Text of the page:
Every year, the T3 Advisor conference officially kicks off fintech announcement season. There are other notable industry events that happen before T3 in January, but it’s in mid-February when T3 comes around that anyone who spends their time watching advisor technology begins to expect some major news.
This year’s conference had its share, with no less than twenty companies using the event to announce a new integration, product launch, or feature. Even Morgan Stanley and Franklin Templeton announced their acquisitions of E*TRADE and Legg Mason, respectively, during T3 week (technically those announcements weren’t at the conference, but we’ll count them anyway).
With a move to San Diego, this year’s T3 had a little additional energy around it—both offline, as well as online. Here are some of my favorite memories and recollections.
ARTIFICIAL INTELLIGENCE: EMERGING OR MAINSTREAM?
If you walked through the Emerging Tech area of the T3 exhibit hall, you likely noticed a few software companies touting Artificial Intelligence as a key differentiator.
Benjamin, a digital assistant software created specifically for advisors, was one AI-based technology that impressed me. The tool can schedule meetings for advisors, as well as automatically send client communications and continue conversations to save advisors time as well as offload some administrative tasks.
Another new entrant this year was FP Alpha, which used T3 2020 to formally announce its launch. FP Alpha is a financial planning software designed to analyze a current client’s plan and see where there might be gaps that need to be addressed. Rather than replace an advisor’s current financial planning software, though, FP Alpha is more of a complementary tool that enhances an advisor’s ability to see where they can add value in areas like tax or estate planning, or a dozen more areas.
The topic of AI also came up during conference sessions. For example, during the Women in Wealthtech session on the mainstage, Dani Fava of TD Ameritrade Institutional noted that when Amazon tried to use AI to scan resumes, it selected a disproportionate number of resumes from men over ones from women. In that case, it’s a glass-half full scenario: The AI had bias programmed into it, but it also gave developers of the program a chance to see and understand that bias.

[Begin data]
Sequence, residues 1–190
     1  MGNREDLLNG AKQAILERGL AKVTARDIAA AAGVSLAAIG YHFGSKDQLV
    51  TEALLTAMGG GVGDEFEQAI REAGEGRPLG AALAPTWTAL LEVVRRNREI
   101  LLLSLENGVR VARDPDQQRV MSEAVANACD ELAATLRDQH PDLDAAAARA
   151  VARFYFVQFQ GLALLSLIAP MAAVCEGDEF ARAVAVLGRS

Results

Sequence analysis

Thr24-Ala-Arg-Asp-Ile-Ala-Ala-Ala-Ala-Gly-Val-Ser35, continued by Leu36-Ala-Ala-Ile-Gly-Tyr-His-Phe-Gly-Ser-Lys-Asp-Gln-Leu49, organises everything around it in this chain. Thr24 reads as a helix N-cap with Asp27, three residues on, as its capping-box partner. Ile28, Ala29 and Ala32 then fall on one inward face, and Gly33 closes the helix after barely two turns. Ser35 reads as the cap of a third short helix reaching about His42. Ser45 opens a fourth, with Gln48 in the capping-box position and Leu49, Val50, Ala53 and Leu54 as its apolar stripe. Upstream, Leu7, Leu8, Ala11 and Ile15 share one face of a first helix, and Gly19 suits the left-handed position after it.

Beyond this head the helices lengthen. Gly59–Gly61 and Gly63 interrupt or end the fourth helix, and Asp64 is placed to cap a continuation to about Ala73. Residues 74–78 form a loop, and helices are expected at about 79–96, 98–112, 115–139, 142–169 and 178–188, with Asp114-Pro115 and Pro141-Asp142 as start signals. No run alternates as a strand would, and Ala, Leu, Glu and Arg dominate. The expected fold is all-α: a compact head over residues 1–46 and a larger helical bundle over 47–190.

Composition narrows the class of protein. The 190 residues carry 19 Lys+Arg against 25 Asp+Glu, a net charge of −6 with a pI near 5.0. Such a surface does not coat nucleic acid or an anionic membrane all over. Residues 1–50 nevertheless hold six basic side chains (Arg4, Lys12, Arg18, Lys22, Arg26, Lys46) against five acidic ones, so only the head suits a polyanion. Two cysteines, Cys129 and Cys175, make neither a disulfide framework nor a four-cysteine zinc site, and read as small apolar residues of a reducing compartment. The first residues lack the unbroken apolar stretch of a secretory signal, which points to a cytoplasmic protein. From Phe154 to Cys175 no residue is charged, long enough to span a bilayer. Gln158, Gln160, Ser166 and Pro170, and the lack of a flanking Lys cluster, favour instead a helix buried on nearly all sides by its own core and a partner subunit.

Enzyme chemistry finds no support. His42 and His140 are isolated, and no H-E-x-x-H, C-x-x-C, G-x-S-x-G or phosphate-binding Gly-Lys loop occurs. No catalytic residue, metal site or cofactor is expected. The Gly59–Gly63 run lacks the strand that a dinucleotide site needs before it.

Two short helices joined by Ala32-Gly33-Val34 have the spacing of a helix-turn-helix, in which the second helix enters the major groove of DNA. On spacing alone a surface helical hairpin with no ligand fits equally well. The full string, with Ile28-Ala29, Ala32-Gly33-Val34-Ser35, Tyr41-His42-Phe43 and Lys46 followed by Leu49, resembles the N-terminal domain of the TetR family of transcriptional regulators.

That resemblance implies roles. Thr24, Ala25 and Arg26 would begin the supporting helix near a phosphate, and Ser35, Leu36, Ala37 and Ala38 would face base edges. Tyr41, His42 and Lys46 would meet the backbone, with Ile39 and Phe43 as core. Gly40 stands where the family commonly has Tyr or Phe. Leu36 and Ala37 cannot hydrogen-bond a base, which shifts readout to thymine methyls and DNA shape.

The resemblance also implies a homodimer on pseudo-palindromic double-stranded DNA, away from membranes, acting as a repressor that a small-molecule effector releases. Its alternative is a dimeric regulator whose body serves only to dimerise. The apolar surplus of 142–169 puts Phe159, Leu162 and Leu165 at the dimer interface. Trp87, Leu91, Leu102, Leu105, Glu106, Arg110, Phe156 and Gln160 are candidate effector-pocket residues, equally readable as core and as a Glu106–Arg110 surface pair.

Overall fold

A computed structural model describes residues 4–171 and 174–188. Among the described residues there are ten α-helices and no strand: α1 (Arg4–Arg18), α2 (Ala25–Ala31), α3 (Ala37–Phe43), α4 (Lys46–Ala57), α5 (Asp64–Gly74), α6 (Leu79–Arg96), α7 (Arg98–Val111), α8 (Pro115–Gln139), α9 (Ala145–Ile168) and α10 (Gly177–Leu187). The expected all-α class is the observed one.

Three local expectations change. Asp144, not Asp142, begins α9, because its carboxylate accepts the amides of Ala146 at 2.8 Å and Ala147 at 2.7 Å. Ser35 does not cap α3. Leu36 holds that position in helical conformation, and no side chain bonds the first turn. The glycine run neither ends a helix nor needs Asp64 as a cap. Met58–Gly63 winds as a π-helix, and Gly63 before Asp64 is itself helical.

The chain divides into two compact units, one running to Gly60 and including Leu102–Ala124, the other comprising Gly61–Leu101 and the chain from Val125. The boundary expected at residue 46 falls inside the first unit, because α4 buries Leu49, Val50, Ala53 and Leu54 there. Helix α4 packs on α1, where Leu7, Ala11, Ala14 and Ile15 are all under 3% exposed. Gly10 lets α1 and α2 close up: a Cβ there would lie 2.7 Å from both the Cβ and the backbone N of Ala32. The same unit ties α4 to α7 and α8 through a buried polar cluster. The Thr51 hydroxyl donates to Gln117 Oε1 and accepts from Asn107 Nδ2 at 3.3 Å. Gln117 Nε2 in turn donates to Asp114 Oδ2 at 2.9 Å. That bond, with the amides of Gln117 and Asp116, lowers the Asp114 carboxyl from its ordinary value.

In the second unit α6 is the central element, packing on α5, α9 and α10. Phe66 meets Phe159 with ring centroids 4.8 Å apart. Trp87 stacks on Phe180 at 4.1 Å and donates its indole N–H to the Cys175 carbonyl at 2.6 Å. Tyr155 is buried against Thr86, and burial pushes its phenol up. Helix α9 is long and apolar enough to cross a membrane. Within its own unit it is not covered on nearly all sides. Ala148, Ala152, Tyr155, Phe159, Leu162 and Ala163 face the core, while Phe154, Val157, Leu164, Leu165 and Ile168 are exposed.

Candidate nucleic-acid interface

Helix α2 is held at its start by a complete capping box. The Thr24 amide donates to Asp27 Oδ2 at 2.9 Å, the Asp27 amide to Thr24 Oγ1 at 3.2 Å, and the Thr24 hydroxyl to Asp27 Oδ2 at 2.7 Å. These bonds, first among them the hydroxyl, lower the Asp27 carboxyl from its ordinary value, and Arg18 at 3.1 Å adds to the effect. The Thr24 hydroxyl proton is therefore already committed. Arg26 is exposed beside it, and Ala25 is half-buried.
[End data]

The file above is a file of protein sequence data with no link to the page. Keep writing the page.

I’m a half-skeptic/half-believer in AI. I see its potential, but also feel like its real-world usefulness for advisors is still in the early stages. So, I’m excited to see how these AI-powered software platforms will prove their value over the next several years, because the receptiveness towards AI is quickly shifting from “emerging” to “established.”
A BIG PLUS: MORE ADVISORS ON STAGE
T3 has always been a trade show for technology vendors who want to show off their new announcements. Typically, that setup leads to an agenda filled with demos, product roadmaps, and a lot of buzzwords like “innovation” and new “leading edge” features advisors can expect. As someone who’s been immersed in advisor tech for over ten years now, I enjoy those sessions and they’re a big reason why I keep coming back to T3.
But this year, I noticed a welcome shift to include more advisors on stage during the conference. For me, hearing from a real advisor on stage is a completely different experience than having a company spokesperson recite a few testimonials that have surely passed through the marketing and PR team members’ watchful eyes.
TWO SESSIONS IN PARTICULAR CAUGHT MY EYE:
The first session, hosted by Riskalyze, eschewed the traditional presentation style where a CEO, product manager, or sales executive would talk through new enhancements. Instead, the Riskalyze team was joined by three advisors using the platform so they could discuss their own experiences and successes.